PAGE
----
I was in a kind of haze. I looked for awhile, then I didn’t look for awhile. I watched everything and nothing. For how long did I watch? I’m not sure. All of a sudden I realize I’m walking quickly down the center of Fifth Avenue toward what we now call Ground Zero. Except for one last wailing ambulance hurtling downtown, there were no cars, or any other vehicles moving on the thoroughfare. People were running north. I was reminded immediately of Hollywood blockbuster disaster films like “The Day After Tomorrow”, and thought how reality had just surpassed fantasy like a long-shot racehorse outpacing the favorite in the Kentucky Derby. No Hollywood scribe had imagined this one. I was not comforted by the thought. King Kong was up there looking down upon us. Pompeii was erupting.

After sometime, it couldn’t have been long, I found myself in front of the Fifth Avenue entrance to the Empire State Building – the majestic survivor of previous aircraft collisions. I stopped and stretched my neck to look upward. I unknowingly was already searching the skies for more jetliners; not just looking at the old and glorious premier skyscraper of civilized modernity. What I did find, with a sound that proved to be one of the most haunting of recurring flashes for long afterwards, were the F-15 fighters now circling the Island of Manhattan. A constant that was audible to me in my waking, and in my dreams, for months after they had gone.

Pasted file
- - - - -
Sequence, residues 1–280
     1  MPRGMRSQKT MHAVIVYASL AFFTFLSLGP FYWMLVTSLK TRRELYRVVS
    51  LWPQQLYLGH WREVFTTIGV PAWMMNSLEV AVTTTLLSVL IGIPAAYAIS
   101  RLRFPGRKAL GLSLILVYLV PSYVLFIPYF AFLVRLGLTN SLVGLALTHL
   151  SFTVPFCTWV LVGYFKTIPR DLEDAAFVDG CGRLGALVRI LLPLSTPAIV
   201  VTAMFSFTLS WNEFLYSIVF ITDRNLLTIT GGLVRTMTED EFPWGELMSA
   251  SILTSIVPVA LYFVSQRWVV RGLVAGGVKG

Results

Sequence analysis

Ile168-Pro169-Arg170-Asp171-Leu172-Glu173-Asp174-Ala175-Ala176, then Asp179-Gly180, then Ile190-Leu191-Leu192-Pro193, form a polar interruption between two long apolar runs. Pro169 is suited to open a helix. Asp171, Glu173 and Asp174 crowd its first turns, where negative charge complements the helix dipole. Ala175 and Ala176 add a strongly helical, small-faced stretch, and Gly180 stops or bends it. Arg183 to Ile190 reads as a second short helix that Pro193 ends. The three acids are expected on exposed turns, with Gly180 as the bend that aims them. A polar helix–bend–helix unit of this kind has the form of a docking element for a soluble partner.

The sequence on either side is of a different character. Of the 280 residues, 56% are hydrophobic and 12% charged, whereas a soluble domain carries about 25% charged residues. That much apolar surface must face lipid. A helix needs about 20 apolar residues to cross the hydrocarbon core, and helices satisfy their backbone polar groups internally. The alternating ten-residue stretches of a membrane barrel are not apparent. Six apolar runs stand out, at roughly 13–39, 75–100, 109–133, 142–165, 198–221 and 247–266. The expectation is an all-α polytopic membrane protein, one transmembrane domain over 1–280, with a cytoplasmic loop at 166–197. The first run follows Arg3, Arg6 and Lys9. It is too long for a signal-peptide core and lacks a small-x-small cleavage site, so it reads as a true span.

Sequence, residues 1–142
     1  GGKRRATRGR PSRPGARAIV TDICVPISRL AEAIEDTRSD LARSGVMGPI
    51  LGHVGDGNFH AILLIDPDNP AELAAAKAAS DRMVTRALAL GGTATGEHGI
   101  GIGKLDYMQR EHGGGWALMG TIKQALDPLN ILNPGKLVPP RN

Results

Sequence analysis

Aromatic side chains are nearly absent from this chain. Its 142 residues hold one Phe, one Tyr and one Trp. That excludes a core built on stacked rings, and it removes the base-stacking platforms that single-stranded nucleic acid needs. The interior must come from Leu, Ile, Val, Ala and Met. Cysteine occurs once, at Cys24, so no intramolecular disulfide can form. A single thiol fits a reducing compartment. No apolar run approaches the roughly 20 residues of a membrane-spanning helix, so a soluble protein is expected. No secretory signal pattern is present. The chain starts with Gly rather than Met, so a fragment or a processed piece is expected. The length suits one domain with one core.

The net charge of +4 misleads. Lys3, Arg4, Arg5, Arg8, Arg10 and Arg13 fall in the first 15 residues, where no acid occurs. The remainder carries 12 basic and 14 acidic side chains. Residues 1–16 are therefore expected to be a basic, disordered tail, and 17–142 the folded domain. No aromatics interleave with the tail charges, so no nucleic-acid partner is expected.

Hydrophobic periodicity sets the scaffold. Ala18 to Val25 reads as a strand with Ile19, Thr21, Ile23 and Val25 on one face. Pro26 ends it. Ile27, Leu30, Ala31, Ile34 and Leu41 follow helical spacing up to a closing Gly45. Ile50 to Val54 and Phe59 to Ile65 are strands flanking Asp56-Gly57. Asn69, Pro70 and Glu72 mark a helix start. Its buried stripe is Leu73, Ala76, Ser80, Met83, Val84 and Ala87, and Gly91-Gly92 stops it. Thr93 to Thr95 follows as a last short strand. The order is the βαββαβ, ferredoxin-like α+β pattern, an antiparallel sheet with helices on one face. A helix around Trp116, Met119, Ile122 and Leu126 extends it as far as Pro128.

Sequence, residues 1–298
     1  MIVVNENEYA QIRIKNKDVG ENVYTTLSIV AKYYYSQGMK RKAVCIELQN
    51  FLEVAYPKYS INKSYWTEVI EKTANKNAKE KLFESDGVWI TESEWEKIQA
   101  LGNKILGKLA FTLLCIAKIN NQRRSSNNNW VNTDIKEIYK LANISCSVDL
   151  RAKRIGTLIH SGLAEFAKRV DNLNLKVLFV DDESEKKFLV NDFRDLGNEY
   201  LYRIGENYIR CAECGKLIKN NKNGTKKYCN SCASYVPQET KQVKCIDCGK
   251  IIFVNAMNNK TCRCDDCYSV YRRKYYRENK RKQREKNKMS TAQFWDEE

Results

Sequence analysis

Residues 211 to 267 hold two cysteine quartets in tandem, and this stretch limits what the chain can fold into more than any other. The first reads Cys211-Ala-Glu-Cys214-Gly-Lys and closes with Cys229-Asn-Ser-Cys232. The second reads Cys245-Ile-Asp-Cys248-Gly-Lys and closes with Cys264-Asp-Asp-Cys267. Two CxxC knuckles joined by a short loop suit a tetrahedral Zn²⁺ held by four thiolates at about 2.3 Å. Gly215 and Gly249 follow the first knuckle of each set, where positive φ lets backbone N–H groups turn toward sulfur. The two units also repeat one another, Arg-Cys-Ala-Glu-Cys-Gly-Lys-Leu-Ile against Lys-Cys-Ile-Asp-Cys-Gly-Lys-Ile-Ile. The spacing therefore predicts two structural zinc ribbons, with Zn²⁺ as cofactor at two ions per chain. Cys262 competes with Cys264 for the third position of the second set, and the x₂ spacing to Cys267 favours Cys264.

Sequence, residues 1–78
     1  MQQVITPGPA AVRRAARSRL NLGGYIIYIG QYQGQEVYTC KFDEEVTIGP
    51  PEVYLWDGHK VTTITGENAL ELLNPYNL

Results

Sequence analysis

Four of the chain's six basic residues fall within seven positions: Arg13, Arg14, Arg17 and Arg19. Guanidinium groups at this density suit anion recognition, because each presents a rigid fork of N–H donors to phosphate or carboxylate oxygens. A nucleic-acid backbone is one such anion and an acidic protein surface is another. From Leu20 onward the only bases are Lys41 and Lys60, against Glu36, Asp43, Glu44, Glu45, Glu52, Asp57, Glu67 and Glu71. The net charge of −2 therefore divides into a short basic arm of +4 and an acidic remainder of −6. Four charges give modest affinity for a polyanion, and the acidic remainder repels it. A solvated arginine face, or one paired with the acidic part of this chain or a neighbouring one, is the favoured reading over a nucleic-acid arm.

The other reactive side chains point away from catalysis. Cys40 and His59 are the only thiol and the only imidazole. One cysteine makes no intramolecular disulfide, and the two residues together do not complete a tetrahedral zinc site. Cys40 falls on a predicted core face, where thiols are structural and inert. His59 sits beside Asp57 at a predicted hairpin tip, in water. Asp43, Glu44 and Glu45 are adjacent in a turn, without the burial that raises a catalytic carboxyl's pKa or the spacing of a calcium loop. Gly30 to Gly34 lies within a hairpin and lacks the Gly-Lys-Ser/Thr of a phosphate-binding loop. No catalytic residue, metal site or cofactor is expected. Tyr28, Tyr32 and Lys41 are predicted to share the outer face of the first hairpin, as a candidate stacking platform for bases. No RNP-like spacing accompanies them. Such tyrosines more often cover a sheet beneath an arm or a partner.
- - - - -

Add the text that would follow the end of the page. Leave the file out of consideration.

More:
I snapped out of my thoughts as the symphony of rumbles and
screams began again. This time I looked, and I saw. And, I felt the very
firmament of the invincible city tremble. The second tower fell within a vacuum of profound sadness that has yet to be refilled with hope and reason.

Much more happened after this for me. I volunteered down there that
day, and days to come for months beyond. I saw the horrors.
I saw the most beautiful strength of good people as well. I have a lot more to tell, but this will have to do for now. Maybe next year I’ll tell more.
If then, anybody still really cares to hear.

-John Michael Sudol

Los Angeles, California, USA
September 11th, 2006